What is toxoplasmosis?
Information from National Food Agency, Sweden
Toxoplasmosis is a unicellular parasite present in humans and animals all over the world. The main source of infection is lamb and pork meat. Cats are the main hosts of toxoplasmosis and it can spread through contact with cat faeces.
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What is toxoplasmosis?
Toxoplasma gondii is a unicellular parasite, a so-called protozoan parasite, with cats as its main host. An infected cat carries the parasite in its faeces. In infected animals and humans, the parasite localizes in muscle tissue, the brain and other organs. The parasite can live there for many years, often without causing any problems for the host animal.
Where is toxoplasmosis found?
Humans can get infected by eating undercooked meat containing toxoplasmosis. Lamb is believed to be the main source of infection for humans, although meat from other animals can also be contaminated, such as pork and game. Toxoplasmosis can survive in the natural environment and remain infectious for a year outside a host animal. Therefore, the parasite can spread via foods that have been in touch with contaminated soils, such as vegetables.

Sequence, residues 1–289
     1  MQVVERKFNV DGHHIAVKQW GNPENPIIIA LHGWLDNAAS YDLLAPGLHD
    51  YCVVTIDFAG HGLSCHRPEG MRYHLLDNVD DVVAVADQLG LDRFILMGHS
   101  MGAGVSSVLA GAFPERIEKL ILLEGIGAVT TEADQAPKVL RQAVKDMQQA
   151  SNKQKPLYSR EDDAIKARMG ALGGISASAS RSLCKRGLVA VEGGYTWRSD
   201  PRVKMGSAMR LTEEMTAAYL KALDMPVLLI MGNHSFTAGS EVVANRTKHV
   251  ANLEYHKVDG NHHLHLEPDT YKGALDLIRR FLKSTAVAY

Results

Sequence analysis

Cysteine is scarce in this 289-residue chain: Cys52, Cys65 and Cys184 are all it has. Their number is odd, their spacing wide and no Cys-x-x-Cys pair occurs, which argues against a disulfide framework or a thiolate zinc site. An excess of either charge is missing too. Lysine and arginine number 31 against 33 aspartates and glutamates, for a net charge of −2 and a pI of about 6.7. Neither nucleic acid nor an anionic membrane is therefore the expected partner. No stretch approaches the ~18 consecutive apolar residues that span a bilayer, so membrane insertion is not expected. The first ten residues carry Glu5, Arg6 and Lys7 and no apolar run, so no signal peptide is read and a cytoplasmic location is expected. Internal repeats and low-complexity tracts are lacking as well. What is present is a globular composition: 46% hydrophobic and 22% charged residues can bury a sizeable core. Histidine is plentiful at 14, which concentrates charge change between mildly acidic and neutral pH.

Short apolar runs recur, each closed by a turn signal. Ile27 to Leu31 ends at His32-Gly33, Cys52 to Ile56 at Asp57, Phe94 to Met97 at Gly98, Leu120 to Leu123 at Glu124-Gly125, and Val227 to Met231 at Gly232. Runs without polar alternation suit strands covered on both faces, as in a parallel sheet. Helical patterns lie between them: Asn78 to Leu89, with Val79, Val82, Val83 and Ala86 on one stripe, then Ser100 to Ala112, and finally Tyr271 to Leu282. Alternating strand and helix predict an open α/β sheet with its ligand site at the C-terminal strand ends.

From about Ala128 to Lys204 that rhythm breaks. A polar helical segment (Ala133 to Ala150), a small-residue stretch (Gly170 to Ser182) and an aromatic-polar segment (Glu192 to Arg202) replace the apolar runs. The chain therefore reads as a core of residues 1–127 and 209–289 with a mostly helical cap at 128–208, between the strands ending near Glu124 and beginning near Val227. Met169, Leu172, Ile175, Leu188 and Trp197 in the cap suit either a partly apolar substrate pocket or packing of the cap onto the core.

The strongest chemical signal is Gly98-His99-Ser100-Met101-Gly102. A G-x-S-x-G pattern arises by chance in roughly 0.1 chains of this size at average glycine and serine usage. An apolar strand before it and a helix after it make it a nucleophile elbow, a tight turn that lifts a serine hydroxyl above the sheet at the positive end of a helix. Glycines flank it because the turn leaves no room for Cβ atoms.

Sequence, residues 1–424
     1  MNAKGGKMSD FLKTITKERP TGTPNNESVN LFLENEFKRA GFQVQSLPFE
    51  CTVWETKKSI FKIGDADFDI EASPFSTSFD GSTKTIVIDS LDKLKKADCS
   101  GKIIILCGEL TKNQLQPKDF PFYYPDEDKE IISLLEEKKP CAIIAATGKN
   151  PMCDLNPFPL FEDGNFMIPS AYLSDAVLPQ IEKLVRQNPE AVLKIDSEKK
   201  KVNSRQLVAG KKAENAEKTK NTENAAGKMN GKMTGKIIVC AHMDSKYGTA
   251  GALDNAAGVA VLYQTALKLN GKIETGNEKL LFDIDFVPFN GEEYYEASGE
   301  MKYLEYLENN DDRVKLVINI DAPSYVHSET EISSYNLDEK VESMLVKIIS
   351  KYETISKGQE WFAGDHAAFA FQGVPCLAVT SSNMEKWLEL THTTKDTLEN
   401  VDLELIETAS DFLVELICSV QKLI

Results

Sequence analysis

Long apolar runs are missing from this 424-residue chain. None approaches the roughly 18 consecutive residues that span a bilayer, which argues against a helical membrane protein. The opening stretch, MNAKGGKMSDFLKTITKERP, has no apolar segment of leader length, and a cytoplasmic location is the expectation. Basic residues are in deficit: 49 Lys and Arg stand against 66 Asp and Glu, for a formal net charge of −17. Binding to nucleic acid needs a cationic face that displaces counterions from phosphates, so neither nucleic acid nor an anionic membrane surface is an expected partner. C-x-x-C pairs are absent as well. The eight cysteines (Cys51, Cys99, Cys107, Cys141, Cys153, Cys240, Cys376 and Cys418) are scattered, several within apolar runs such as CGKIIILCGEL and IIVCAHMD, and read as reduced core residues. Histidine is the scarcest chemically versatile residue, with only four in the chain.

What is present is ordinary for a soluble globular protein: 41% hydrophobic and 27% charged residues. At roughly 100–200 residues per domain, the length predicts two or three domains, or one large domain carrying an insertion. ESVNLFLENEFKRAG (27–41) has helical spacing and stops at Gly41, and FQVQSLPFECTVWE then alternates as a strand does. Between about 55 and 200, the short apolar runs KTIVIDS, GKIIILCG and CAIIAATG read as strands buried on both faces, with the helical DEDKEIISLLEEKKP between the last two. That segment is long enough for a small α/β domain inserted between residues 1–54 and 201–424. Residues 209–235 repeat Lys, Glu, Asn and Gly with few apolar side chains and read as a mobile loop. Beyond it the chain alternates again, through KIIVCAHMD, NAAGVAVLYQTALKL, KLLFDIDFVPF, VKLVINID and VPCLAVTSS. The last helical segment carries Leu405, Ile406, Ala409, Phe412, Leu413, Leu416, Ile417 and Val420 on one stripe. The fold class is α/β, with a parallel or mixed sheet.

Toxoplasmosis does usually not cause any symptoms or only mild symptoms such as occasional fever, headache and muscle pain. Infection is often followed by lifelong immunity.
If a woman becomes newly infected by toxoplasmosis during pregnancy, the parasite can be transmitted to the foetus and cause miscarriage, birth defects or congenital infection. Congenital toxoplasmosis is generally manifested later in life as eye or brain damage.
Specific risk groups
Persons with weakened immune systems and pregnant women not immune to toxoplasmosis.
Reducing the risk of getting sick
Cooking at temperatures at 65 ºC or higher and freezing at -18 ºC for at least three days kills toxoplasma gondii. It is unclear, however, whether the parasite dies during curing, drying and smoking of meats.
Reviewed by Swedish Food Agency
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